Today's must-read piece comes from that most reliable source of must-read pieces, Mark Harris, who this time digs deep into the whats, hows and whys of Oscar's screenplay awards. As he so snappily puts it, the Academy's writers' branch has "much the same taste as Academy members overall -- only better." It's certainly the area where challenging indie and foreign-language films stand the greatest chance of recognition, and where sweeping juggernauts like "Avatar" (and to go further back in time, "The Sound of Music") are most likely to come a cropper. As the high-gloss prestige films fight for their attention, will the writers once more stick up for the likes of "Take Shelter" and "A Separation?"  [Grantland]

Nathaniel Rogers gives me premature Christmas panic by predicting the Golden Globe musical/comedy nods. [The Film Experience]

Anne Thompson rounds up the scattered early reactions to the long-delayed "The Rum Diary." [Thompson on Hollywood]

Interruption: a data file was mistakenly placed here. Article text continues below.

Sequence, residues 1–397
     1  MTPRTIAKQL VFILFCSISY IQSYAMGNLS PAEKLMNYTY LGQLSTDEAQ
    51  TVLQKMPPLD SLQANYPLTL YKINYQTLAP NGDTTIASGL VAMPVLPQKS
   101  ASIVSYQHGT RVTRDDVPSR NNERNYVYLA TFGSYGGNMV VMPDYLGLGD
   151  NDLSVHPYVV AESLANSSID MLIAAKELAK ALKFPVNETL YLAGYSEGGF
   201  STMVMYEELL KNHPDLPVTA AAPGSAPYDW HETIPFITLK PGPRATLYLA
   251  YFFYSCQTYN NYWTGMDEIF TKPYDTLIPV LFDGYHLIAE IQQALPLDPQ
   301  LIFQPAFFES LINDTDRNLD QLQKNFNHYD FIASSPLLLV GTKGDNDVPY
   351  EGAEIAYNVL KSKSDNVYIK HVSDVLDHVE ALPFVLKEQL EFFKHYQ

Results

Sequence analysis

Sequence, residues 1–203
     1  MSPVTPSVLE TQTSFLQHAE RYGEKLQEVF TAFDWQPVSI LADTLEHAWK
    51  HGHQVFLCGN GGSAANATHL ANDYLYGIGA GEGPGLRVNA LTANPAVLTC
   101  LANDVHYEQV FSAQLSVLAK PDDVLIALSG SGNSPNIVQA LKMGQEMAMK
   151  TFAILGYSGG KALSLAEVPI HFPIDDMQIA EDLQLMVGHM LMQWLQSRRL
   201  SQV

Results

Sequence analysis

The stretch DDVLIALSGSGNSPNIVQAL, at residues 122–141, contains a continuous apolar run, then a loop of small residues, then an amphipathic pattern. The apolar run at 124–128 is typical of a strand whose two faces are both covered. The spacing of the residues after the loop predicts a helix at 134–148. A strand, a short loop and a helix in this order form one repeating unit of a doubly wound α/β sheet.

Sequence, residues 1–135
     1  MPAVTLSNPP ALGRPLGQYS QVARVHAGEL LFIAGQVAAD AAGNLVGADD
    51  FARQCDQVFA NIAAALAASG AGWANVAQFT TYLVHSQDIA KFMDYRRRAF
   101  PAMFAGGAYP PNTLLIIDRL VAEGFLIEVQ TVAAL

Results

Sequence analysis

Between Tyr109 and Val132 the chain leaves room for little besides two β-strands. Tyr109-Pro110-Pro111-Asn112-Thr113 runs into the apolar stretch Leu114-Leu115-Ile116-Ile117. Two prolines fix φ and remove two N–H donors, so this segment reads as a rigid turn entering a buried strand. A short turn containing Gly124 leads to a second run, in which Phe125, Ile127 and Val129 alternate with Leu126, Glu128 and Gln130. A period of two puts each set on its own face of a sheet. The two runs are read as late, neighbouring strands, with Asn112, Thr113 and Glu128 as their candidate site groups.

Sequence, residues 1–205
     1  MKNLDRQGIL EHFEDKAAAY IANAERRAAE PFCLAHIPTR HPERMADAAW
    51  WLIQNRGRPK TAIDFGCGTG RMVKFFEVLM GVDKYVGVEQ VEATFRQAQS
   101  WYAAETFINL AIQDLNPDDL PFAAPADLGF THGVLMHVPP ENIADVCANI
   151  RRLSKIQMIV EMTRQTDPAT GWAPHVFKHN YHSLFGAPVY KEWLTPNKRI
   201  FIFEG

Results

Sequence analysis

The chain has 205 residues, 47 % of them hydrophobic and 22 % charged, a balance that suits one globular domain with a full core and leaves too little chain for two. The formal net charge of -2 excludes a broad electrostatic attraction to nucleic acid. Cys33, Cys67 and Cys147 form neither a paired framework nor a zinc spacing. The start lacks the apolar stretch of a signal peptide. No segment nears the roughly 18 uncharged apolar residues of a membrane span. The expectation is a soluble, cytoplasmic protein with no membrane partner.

Tim Robey on our exciting, if curiously scrambled, introduction this year to Jessica Chastain. [The Telegraph]

The Playlist's Gabe Toro tells Jeff Wells that "Extremely Loud and Incredibly Close" isn't half bad. [Hollywood Elsewhere]

You know what deserves awards recognition in the sound categories? "We Need To Talk About Kevin." Here's why. [Framescourer]

Because I know Potter-heads appreciate every bit of recognition, the "Deathly Hallows" twins are going head-to-head at the BAFTA Children's Awards. [BAFTA]

In a neat bit of thematic circularity, 1998 Best Picture champ "Shakespeare in Love" is heading to the London stage. [The Guardian]

The Academy won't reveal the number of Best Picture nominees before announcing them. Well, why would they? [Awards Daily]

Will Ferrell wins the Mark Twain Prize for American Humor. I've always thought of Twain and Ferrell as spiritual cousins. [New York Times]